Nutrition Notes

Looking to Foods of the Past to Prevent Disease

The English language is not short on phrases that connote a negative aspect to the past: old-fashioned, out of touch, passé. But just because something is traditional or “old” doesn’t mean it has no place in modern times. In fact, there are just as many phrases emphasizing the importance of lessons from the past: “Everything old is new again.” “Those who don’t learn from history are doomed to repeat it.” The success many patients are experiencing with various dietary approaches shows us this perspective applies well to nutrition.

Some of today’s popular ways of eating celebrate a revival of traditional foods that were once consumed regularly, but which have fallen out of favor in the modern North American palate. Such items include liver and other organ meats, oxtails, bone marrow, chicken feet, beef and lamb shanks, and other meats cooked on the bone. Our great-grandparents and ancestors farther back in time may not have known that these foods are highly nutrient dense. It’s trendy to eat “nose to tail” in the 21st Century, but in the past, the whole animal may have been consumed out of necessity—people didn’t have the luxury of letting anything go to waste. But perhaps it’s not a coincidence that many of these foods make up delicacies in ethnic cuisines around the world. In France, there’s pâté and liver mousse. In Asia, chicken feet are prized, as are animal tendons in soup, and beef or lamb shanks are used for Italian osso bucco.

Collagen powders are a convenient way to increase intake of collagen-specific amino acids, but before these were commercially available, people consumed collagen through bone broth, pork hocks, head cheese, and other dishes prepared with animal bones, skin and connective tissues.

Those who don’t consume animal products can still learn from the culinary and nutritional lessons of the past. Returning to whole foods preferably prepared at home has rekindled people’s courage in the kitchen, leading them to explore techniques such as soaking, sprouting and fermentation for grains, beans, and beverages such as kombucha. Those who consume dairy can experiment with homemade yogurt and kefir. Fermented vegetables and dairy are an obvious source of diverse strains and species of probiotics, and fermenting dairy also reduces its glycemic impact as some of the lactose is consumed during the fermentation process. This reduction in lactose content may mean that fermented dairy could be suitable for some individuals with lactose intolerance. While many popular and effective dietary strategies reduce or eliminate grains, those who choose to consume grains can also learn from the past. Fermenting grains is a way to reduce problematic phytic acid, which limits the bioavailability of minerals such as iron, calcium, magnesium and zinc.  

Learning from dietary patterns of the past also suggests a decrease in carbohydrate intake with a concurrent increase in protein and fat as percentages of total caloric intake. In a study of hunter-gatherer populations in geographically diverse areas, it was determined that compared to modern Western dietary intakes, protein consumption was elevated (19-35% of energy) at the expense of carbohydrates (22-40% of energy). (Increased protein may have unique effects on satiety and cravings, with implications for the current obesity and diabetes epidemics.) Even for those who prefer not to consume more protein and less carbohydrate, a shift from grains and refined sugars to vegetables and fruit may ultimately benefit some individuals through a reduction in total glycemic and insulinogenic impact.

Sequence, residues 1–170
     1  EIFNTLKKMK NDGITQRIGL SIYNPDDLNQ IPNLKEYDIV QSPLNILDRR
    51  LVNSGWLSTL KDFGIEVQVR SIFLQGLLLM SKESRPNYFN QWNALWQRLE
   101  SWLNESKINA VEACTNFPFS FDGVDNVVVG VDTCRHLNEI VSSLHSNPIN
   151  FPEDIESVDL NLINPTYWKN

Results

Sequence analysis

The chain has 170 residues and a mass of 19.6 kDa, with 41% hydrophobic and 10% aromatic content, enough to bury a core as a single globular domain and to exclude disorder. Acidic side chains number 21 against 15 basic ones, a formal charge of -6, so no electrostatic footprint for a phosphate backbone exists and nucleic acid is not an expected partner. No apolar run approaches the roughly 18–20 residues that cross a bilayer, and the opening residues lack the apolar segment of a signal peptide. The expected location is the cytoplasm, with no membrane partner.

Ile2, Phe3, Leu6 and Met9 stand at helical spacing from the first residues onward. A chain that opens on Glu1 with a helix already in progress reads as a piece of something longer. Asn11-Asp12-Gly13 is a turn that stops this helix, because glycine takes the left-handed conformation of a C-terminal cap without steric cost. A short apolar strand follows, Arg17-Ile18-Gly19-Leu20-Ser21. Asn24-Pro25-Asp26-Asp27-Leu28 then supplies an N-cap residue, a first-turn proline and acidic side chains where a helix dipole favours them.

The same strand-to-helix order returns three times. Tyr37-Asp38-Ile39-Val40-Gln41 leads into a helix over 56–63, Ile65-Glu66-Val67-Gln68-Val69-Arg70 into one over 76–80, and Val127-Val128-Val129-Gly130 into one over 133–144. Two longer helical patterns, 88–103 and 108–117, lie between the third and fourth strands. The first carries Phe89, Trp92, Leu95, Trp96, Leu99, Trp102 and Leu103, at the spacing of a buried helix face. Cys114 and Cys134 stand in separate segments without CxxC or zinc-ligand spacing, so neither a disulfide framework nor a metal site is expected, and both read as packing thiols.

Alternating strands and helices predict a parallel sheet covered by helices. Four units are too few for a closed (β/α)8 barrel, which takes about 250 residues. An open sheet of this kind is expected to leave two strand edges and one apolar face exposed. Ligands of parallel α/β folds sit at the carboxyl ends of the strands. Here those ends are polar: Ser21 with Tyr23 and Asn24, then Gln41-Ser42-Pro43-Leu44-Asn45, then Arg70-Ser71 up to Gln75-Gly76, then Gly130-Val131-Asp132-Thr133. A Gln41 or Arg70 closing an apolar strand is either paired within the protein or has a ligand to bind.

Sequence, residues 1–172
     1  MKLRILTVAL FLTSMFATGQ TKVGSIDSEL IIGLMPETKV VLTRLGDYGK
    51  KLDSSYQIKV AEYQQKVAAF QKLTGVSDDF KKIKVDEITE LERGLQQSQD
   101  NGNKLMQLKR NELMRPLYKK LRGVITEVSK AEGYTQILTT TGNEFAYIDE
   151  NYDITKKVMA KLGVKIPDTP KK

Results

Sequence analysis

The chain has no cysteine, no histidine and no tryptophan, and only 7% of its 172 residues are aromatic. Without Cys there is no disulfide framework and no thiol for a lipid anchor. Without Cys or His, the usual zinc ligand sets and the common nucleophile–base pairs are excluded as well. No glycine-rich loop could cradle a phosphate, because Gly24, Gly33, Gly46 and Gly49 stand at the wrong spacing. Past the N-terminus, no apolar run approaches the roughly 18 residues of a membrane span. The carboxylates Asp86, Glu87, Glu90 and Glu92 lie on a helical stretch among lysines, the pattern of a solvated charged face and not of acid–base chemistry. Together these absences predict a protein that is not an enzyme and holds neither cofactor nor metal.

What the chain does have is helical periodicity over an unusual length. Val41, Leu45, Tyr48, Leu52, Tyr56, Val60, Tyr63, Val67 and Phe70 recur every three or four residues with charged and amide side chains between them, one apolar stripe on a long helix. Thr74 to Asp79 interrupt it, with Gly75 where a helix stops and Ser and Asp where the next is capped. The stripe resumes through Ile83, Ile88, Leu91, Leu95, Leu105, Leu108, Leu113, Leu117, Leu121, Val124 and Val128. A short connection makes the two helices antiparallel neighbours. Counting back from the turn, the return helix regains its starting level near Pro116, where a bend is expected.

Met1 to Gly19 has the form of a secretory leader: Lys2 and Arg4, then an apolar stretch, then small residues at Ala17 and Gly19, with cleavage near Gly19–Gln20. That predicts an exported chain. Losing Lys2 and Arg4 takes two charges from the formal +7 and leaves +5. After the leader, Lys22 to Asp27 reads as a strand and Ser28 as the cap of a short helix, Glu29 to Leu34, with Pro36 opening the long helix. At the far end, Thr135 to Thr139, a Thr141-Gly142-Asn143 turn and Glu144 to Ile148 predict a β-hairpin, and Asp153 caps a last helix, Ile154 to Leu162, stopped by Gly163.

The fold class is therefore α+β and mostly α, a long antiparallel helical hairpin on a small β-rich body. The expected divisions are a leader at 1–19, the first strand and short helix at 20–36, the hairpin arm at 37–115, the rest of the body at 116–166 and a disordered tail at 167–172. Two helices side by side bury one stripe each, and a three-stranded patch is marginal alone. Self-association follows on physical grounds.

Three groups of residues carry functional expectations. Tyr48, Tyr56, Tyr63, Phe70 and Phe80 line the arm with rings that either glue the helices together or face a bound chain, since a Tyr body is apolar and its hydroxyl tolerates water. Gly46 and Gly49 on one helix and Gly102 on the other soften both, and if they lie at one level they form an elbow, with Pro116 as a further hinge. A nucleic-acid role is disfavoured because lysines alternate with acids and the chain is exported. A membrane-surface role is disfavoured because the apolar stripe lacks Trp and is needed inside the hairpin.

It’s no secret now that low-carbohydrate or ketogenic diets are highly effective for type 2 diabetes. But even diets that aren’t very low carb can also be effective for lowering blood sugar and insulin and improving other metabolic parameters. In a study comparing a Mediterranean-style diet (based on whole grains, low-fat dairy, vegetables, fruits, fish, oils and margarines) to a Paleolithic-style diet (lean meat, fish, fruits, vegetables, eggs and nuts) in subjects with ischemic heart disease, subjects on the Paleo-style diet had substantially lower area under the curve (AUC) for glucose. They also had greater decreases in waist circumference and AUC for insulin. Similar results were seen in a study comparing a Paleo-style diet to the American Diabetes Association’s recommended diet for type 2 diabetics: subjects on the Paleo diet saw greater improvements in glucose control, lipid profiles, and insulin sensitivity. A crossover study comparing a Paleo diet to a “diabetes diet” informed by European guidelines on diet and diabetes found that, for type 2 diabetics, the Paleo diet resulted in lower HbA1c, triglycerides, body weight and waist circumference, and higher HDL. It’s often said that exercise is essential for improving diabetes, and while it’s certainly helpful, diet alone can go a long way. With or without exercise, individuals with type 2 diabetes who followed a Paleo diet for 12 weeks saw decreases in body fat and significant improvements in HOMA-IR and HbA1c.

Skyrocketing rates of type 2 diabetes, obesity, metabolic syndrome and related comorbidities are new, but that doesn’t mean we should ignore the past when looking for solutions.